Some Unfinished Business


Al Muratsuchi in the running to retake 66th Assembly District seat.

A daruma represents Al Muratsuchi’s campaign for re-election to the 66th Assembly District, which includes Gardena, Hermosa Beach, Lomita, Rolling Hills, Redondo Beach and Torrance. (MARIO G. REYES/Rafu Shimpo)

A daruma represents Al Muratsuchi’s campaign for re-election to the 66th Assembly District, which includes Gardena, Hermosa Beach, Lomita, Rolling Hills, Redondo Beach and Torrance. (MARIO G. REYES/Rafu Shimpo)

By GWEN MURANAKA, Rafu English Editor-in-Chief

Al Muratsuchi may have been knocked down, but he’s not quitting.

The former Democratic assemblymember narrowly lost his seat to Republican David Hadley in 2014 to represent the 66th Assembly District. He is currently campaigning to regain the seat in November.

“As the Japanese saying goes, you get knocked down seven times but you get up eight times. I may be knocked down but I’m getting up and moving forward,” Muratsuchi said in an interview with The Rafu Shimpo.

Muratsuchi, who represented the South Bay district for one term, said his loss was less about the issues and more about factors such as voter turnout and a negative campaign financed from outside the district.

“There was one man, Charles Munger Jr., who ran a smear campaign to basically buy the Assembly seat for my opponent,” Muratsuchi said.

The L.A. Times reported that Munger, a Palo Alto physicist and son of billionaire Charles Munger, spent $890,000 to defeat Muratsuchi in 2014, in addition to $300,000 in support of his opponent. In the last decade Munger has donated $77.8 million, emerging as one of California’s top Republican donors.

“It was so close and I felt like it wasn’t because I did anything wrong. Because it’s a presidential election this time, my chances of getting re-elected are very strong. Historically, turnouts have always been higher in presidential election years and lower in midterm years.” Muratsuchi explained.

“I’m going to continue to focus on South Bay priorities: good jobs, good schools, a clean and healthy environment. The biggest difference is I’m the only candidate that has an actual record of getting things done, of being a bipartisan problem-solver,” Muratsuchi said.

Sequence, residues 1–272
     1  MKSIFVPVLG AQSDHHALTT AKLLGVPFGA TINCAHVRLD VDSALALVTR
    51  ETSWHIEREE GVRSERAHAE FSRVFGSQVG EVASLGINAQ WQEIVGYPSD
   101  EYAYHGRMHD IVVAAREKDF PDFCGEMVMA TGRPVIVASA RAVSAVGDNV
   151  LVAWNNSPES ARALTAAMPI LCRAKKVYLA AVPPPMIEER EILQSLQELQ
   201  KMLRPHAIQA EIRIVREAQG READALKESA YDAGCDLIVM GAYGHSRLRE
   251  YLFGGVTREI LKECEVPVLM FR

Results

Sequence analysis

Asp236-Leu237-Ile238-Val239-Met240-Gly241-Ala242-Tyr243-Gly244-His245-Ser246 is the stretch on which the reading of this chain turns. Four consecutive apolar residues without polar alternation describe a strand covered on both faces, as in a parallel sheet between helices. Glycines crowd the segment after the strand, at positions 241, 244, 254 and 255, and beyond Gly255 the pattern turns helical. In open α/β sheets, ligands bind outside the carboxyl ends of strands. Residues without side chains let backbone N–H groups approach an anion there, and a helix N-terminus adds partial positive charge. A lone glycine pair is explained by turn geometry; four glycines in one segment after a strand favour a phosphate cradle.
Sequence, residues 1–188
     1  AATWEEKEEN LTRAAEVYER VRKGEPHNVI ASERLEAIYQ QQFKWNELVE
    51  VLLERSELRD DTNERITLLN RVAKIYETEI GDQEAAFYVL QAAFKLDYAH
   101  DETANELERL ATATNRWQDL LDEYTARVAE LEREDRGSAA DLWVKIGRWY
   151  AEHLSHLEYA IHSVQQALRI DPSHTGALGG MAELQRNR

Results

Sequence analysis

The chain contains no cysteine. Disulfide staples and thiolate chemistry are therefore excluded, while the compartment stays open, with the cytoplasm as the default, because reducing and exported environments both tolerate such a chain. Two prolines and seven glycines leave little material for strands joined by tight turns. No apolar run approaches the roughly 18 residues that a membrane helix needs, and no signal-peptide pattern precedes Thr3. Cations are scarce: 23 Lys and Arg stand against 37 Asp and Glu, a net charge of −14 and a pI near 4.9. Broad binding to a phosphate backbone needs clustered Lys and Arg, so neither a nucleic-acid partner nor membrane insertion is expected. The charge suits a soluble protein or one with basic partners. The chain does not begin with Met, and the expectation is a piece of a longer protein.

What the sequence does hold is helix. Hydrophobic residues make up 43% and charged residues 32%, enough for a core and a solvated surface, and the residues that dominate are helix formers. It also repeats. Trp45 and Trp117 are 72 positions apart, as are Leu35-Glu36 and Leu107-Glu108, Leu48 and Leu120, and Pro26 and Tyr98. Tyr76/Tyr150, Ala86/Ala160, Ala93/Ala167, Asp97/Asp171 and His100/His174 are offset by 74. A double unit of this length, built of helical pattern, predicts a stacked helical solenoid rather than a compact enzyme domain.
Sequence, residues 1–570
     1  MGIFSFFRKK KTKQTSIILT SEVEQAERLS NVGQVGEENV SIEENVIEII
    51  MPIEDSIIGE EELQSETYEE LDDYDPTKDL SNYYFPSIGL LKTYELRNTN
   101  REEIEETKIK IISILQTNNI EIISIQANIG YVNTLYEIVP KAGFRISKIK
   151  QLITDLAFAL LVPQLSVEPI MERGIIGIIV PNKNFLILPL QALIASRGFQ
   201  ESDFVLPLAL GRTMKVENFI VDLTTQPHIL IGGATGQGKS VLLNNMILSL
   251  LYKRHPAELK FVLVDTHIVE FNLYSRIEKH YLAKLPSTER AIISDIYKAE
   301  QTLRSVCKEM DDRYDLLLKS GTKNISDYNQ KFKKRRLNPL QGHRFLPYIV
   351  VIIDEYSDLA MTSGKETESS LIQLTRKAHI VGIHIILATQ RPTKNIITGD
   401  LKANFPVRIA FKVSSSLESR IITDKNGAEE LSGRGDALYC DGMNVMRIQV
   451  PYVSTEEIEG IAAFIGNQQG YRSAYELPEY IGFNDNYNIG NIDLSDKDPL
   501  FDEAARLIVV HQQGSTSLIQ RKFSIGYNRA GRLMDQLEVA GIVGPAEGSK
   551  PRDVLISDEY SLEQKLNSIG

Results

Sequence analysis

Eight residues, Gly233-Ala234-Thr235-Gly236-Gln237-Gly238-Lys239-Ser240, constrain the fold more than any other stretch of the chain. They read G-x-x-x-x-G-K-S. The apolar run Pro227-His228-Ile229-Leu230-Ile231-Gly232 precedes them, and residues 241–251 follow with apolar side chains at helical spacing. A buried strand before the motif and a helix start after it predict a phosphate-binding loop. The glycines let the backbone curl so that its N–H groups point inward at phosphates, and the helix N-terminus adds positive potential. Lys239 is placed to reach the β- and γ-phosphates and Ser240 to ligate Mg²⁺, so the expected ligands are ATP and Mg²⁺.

He cited his work as chairman of the Assembly Select Committee on Aerospace, and legislation that supported the development of private space exploration firms such as SpaceX, which is now based in Hawthorne.

Muratsuchi is a prosecutor and deputy attorney general with the State Department of Justice. He also was a member of the Torrance School Board and early in his career served as regional director of the Pacific Southwest District of the Japanese American Citizens League.

He is one of three Japanese Americans, along with former Assemblymembers Warren Furutani and Mariko Yamada, who are running for State Legislature. Furutani and Yamada are both seeking office in the State Senate. Currently there are no Japanese Americans in state office.

Muratsuchi said the one issue he cannot comment upon is the pending sale of Keiro Senior HealthCare’s facilities to Pacifica Companies. His opponent, Hadley, has expressed his opposition to the sale and spoke at a meeting at the Aratani Theatre sponsored by the Ad Hoc Committee to Save Keiro.

Muratsuchi works in the Attorney General’s Office, and because of this, he cannot comment, he said. He further explained that as a deputy attorney general, he was not involved in Attorney General Kamala Harris’ conditional approval of the facilities.

“As a Japanese American that has been active in the community for almost 30 years now, the pending sale of Keiro is something that I’m very saddened by,” Muratsuchi said. “But unfortunately my hands have been tied, given that I am a prosecutor and deputy attorney general.”

He did, however, say the Keiro controversy has highlighted important issues in the Japanese American community.

“This issue and the uproar that has followed the announcement of the sale has clearly highlighted the ongoing need for culturally sensitive senior health care services, particularly for the Shin-Issei community. The Shin-Issei community is almost half of the Japanese population in the L.A. area,” Muratsuchi said.

He also noted that anti-Muslim comments made by presidential candidate Donald Trump point to the importance of Japanese Americans speaking out.

“Now more than ever we need more Japanese American politicians to be able to make sure we’ve learned the lessons of internment,” he stated.



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